Application of the ism code on passenger ships and impact on the loss of human lives at sea over the past 35 years.

  1. José Agustín González Almeida 1
  2. Federico Padrón Martín 1
  3. Alexis Dionis Melián 1
  4. Maria del Cristo Adrián de Ganzo 1
  5. José Manuel Calvilla Quintero 1
  1. 1 Universidad de La Laguna

    Universidad de La Laguna

    San Cristobal de La Laguna, España


Maritime Transport'16
  1. Francisco Javier Martínez de Osés (coord.)
  2. Marcella Castells Sanabra (coord.)

Publisher: Iniciativa Digital Politècnica ; Universidad Politécnica de Cataluña / Universitat Politècnica de Catalunya

ISBN: 978-84-9880-591-8

Year of publication: 2016

Pages: 141-148

Congress: Technological, Innovation and Research (7. 2016. Barcelona)

Type: Conference paper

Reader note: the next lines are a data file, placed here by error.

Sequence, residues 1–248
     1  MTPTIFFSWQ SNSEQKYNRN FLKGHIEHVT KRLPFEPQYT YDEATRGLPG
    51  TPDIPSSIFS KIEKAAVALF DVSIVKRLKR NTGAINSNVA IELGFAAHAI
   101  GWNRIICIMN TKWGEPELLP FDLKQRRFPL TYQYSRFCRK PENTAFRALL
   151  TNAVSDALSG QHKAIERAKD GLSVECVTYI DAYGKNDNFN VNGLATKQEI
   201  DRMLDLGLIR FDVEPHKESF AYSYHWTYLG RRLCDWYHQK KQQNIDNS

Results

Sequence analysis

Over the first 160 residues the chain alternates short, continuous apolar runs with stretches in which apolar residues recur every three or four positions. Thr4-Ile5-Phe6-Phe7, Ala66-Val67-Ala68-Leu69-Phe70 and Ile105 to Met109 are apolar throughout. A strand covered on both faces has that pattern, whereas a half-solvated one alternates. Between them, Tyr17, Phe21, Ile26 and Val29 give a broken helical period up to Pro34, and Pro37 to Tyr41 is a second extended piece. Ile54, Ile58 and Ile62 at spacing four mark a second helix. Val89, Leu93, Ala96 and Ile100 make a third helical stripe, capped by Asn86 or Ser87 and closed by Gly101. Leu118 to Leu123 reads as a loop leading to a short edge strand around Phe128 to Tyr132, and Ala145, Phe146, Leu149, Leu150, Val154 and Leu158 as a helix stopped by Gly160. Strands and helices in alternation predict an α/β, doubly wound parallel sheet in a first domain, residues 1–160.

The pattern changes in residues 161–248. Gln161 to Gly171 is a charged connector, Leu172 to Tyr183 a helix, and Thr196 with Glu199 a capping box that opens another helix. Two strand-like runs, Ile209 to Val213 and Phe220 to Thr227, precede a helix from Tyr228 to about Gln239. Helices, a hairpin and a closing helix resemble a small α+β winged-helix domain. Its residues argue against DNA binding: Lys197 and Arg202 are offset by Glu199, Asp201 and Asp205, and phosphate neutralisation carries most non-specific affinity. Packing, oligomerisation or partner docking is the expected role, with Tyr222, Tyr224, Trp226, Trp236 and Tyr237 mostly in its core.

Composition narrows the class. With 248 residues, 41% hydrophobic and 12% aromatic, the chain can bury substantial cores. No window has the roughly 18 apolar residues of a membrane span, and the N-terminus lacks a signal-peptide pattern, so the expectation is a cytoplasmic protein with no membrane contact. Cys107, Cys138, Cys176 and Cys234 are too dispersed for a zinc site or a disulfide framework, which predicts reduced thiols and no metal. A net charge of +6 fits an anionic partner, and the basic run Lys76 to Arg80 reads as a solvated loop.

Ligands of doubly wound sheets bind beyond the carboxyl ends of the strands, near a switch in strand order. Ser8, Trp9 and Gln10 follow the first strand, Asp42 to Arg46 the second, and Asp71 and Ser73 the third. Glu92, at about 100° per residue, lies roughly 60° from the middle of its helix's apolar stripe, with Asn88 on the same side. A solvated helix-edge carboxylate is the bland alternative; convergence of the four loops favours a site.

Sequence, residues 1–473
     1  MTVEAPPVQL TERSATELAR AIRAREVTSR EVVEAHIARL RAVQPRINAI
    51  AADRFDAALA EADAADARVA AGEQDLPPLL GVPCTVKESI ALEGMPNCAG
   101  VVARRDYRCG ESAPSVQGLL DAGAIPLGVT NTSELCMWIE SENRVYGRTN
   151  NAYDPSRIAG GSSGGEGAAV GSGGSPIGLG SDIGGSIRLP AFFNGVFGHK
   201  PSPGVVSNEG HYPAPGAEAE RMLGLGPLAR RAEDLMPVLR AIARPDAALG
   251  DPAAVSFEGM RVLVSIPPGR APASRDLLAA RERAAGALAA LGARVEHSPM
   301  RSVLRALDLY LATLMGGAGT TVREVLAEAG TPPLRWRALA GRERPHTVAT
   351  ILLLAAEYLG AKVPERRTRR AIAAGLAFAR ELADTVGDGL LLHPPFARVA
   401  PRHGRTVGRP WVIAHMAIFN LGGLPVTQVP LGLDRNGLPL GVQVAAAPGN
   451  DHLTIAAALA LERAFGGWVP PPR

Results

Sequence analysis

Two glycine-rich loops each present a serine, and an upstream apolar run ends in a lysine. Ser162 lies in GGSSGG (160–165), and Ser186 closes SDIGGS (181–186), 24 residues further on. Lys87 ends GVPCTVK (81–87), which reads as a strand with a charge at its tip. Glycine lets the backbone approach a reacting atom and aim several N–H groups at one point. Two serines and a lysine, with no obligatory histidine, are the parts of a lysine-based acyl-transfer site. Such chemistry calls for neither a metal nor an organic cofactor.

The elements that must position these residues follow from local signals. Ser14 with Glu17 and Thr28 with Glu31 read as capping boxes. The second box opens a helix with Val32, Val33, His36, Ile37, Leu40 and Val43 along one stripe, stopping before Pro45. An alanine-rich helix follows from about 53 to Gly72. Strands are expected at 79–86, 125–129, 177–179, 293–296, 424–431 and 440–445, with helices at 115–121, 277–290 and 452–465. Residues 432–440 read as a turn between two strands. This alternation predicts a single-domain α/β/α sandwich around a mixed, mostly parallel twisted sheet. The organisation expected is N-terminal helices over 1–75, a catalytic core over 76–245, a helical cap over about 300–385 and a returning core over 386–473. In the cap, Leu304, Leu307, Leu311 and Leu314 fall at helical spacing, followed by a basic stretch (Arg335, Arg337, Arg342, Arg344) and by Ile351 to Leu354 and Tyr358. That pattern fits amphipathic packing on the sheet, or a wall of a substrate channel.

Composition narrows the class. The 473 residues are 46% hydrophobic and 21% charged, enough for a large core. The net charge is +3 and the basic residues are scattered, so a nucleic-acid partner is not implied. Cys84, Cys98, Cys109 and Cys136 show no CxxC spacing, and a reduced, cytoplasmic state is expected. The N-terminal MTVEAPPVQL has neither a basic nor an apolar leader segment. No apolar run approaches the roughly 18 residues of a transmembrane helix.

On March 6, 1987, the RO-RO ship Herald of Free Enterprise sailed from the Belgian port of Zeebrugge, with the bow door unlocked because of negligence on the part of the crew. After leaving the port, exactly 90 seconds, the water came in great amount in the hold for vehicles, causing the heel of the ship. In a few minutes, the ship is lying on its starboard side, causing the loss of 193 people. The official investigation showed that the management of the safety of their vessels by the shipping company had not been adapted, so that following this event and other high impact accidents in the maritime field, the International Maritime Organization through Resolution A.741 (18), approves the ISM Code on November 4, 1993, mandatory for all vessels with the entry into force of Chapter IX of SOLAS (International Safety Management Code) as it demonstrates that over 80% of accidents on vessels are due to human factors. We proceed to list a number of selected by the number of victims and high impact on public opinion accidents. This is therefore a preliminary work that will form the basis for further study. We want, by analyzing a few cases after the accident Herald of Free Enterprise, if the implementation of the ISM Code has achieved the goals that had initially set; mainly “to ensure safety at sea, prevention of human injury or loss of life, and avoidance of damage to the environment, in particular, to the marine environment, and to property”. After this review, we can conclude if a change as important as the ISM code standard is necessary.